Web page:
Bill Maher and PoliticsUSA on our love for Socialism

I’d really love to add a bunch of commentary here, but it’s pretty much perfect as it stands.

PUSA’s additions are also phenomenal.

The problem is that conservatives have spent decades demonizing, “big government.” Many Americans have been taught that expressing a belief in government spending is a bad thing, so they give all the correct answers to the pollsters and hide their true beliefs. However when pollsters get specific, Americans start to show their true colors. A recent National Journal survey found that twice as many Americas were worried about deep cuts to entitlements (39%) than were concerned about the government spending too much money (19%).

Republicans have successfully permeated the national consciousness with the false equivalency that small government equals freedom, and nobody hates freedom. Right? What Americans actually want from their government isn’t more “freedom” as defined by the right. The vast majority of Americans want their socialism. They love their socialism, and a popular uprising ensues anytime anyone mentions changing their beloved entitlements.

That false equivalency is a biggie, and it stems back to Reagan’s famous declaration that the worst thing to hear is “I’m from the government and I’m here to help.” It’s another case of the surface being different from the underlying reality, largely thanks to the right-wing’s vice grip on the national narrative. Small government is supposedly bad, but god damn we just love our social programs. If you’ll all recall, that was even a line against the health care reform. That it would cut Medicare. The small-government Republicans were fighting against cutting Medicare.

It’s a case of about 20+ years of hounding and harping that the more the government does, the more restrictive and stifling it is, and so the real role of government is do the bare minimum possible so we’re all free to live up to our potentials and make millions without the evil Washington bigwigs taking our shit. Yet, time and again, we discover that people love social programs. But that’s only when prodded and pushed at. The phrase “social liberal, but economic conservative” became en vogue during the Bush years, with people claiming the best of both worlds, wanting social freedoms and teeny government so plucky businessowners and regular Joes can control their lives without big bag guv’mint interfering.

Like they say, it’s bullshit. I challenge a single politician to suggest true government paring down. To scrap social security, Medicare, huge subsidies, and turn the police/fire/medical industries to private enterprises. They’ll never do it, and that’s why the Boner Bill and “Cut, Cap, and Trade” didn’t actually outline anything specific, nor did Obama’s: because everyone wants to say “I’m fighting to stop wasteful spending!” and then they avert their gaze when asked exactly what programs are going to get the hatchet. It sounds great to say you’ll cut your spending in half this month, but when you suddenly find yourself deciding if you’ll neglect buying food other than bulk oatmeal and discount milk or get rid of HBO, suddenly that fiscal responsibility goes out the window.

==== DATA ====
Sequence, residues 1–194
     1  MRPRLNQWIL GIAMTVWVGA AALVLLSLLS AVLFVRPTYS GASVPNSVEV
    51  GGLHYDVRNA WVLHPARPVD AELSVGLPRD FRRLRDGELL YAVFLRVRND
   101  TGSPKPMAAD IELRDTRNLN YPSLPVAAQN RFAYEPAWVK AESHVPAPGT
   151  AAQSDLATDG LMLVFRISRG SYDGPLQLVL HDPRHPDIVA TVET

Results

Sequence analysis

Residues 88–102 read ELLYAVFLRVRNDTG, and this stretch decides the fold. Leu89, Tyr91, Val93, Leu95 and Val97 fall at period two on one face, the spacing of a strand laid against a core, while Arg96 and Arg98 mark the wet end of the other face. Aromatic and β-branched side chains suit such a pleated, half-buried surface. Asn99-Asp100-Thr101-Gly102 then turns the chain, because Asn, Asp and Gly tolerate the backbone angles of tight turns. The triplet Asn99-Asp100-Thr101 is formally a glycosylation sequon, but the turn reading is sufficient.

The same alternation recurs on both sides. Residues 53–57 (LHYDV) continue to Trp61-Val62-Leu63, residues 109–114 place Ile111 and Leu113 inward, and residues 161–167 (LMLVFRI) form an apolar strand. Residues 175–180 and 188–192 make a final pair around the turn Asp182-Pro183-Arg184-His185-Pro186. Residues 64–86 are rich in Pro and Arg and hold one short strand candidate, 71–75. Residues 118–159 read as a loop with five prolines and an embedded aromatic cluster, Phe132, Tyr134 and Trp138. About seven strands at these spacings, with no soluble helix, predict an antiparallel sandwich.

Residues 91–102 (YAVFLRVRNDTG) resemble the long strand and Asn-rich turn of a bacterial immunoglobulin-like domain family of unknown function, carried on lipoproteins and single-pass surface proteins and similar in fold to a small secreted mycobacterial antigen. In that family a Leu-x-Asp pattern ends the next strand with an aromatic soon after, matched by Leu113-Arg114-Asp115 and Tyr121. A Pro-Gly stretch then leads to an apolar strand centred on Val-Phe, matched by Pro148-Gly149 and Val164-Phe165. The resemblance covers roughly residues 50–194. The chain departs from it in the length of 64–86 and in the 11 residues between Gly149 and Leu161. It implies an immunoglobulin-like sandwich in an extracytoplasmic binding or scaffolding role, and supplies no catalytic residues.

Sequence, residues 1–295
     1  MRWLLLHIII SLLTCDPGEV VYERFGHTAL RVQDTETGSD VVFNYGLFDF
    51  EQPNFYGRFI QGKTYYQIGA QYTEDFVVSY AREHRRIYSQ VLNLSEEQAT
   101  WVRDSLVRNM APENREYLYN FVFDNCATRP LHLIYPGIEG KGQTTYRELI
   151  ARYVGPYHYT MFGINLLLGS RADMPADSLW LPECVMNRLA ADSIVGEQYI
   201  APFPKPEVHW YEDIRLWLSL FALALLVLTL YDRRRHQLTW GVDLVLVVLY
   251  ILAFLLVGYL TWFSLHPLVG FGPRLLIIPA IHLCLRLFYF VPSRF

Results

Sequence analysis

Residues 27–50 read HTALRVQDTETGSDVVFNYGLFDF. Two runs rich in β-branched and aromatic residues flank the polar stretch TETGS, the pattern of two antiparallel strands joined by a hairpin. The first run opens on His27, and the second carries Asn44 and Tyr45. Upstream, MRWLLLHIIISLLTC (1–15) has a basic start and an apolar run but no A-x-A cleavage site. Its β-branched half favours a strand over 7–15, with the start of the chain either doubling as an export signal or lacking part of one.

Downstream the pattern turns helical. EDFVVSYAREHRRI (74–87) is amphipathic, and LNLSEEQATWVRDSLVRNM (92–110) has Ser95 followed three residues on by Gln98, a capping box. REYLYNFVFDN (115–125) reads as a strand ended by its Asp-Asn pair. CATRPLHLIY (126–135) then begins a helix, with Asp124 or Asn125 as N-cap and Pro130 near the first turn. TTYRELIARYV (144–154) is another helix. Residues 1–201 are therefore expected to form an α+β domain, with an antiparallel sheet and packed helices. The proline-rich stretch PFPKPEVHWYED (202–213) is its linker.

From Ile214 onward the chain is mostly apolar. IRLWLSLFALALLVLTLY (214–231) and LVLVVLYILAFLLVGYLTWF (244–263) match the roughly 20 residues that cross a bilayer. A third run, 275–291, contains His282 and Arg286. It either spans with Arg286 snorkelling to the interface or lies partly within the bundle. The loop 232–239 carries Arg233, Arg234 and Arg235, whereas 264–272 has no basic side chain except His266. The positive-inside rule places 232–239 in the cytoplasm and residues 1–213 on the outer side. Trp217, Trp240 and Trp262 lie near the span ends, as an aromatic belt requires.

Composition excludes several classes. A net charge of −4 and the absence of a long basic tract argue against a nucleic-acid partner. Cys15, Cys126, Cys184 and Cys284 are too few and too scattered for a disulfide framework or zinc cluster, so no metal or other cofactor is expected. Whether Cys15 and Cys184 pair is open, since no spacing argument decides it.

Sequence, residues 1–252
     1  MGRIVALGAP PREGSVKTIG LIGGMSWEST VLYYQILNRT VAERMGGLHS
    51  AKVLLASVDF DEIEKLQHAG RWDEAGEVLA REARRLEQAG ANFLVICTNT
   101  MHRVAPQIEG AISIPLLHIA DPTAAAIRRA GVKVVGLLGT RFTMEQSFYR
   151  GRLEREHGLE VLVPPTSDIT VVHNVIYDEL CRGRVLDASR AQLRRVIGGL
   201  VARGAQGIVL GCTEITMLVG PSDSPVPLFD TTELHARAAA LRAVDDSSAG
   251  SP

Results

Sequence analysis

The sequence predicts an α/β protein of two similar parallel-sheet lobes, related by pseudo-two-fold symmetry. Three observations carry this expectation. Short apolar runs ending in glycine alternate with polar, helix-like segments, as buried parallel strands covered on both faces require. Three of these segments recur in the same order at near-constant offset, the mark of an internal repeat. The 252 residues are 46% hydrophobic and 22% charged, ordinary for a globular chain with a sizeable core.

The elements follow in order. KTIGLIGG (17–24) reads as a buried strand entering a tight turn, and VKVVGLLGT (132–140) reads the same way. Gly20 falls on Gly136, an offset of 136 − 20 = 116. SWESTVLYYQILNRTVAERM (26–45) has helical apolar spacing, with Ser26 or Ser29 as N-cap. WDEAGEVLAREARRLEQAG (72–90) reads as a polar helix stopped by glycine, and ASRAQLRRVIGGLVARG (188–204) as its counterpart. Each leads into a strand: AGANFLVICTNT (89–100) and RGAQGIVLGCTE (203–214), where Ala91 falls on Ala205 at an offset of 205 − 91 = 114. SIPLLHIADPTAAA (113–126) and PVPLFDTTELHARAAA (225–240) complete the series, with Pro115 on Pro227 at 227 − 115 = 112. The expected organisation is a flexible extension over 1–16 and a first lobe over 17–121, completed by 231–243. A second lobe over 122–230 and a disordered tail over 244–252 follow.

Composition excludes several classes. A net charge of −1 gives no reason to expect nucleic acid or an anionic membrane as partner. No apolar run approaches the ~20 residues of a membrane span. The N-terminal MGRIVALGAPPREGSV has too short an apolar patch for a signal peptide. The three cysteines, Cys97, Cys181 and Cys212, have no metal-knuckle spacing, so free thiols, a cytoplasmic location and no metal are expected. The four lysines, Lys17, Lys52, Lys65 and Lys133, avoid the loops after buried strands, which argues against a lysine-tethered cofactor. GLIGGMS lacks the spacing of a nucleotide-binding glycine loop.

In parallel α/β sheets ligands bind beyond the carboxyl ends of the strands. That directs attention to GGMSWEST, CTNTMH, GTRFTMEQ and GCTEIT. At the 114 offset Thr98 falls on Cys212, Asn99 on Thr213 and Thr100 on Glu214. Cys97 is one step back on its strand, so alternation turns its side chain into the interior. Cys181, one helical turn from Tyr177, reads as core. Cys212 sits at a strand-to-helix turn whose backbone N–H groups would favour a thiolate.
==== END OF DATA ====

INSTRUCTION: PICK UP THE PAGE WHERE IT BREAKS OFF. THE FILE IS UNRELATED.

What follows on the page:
Americans want to sound responsible while enjoying the fruits of taxation, while the specter of “big government spending” looms around as though there were a big nebulous war chest of trillions that we could save that aren’t actually going anywhere we like. Undoubtedly there is a lot of fat to be trimmed (such as, say, defense), but no one will say what fat has to go, or even how much that will help. Instead, everyone throws around nice vague terms like “nondiscretionary spending” because that creates the appearance of doing something when nothing is done.

Go ahead, ask your Congressman or Senator, or even your local Teabagging blowhard, which programs we should slash. You’ll never see Eric Cantor up on the podium saying “in 2012 we’re going to cut public education by 25%!” because he knows damn well what the result would be: political exile. It’s all “politics” and not actually solving problems. Fighting straw men and manipulating gut feelings to rally support behind a smokescreen of a “platform” to carry through as many election cycles as possible. It worked in 2010 and it might work in 2012, and it’ll keep fucking working until people wake the hell up and realize that what they claim to support isn’t what they actually support, and the people leading them around by the nose are playing them for saps just to get votes.

…huh, I guess I did have stuff to add.


One response to “Bill Maher and PoliticsUSA on our love for Socialism

  1. I didn’t read most of that, but I read some. The bottom line is that while many people understand the concept of cutting entitlements, very few understand the ramifications of government spending too much borrowed money. Do not presume that people who understand the full effect of both problems wouldn’t rather have had less government and more sustainable entitlements.

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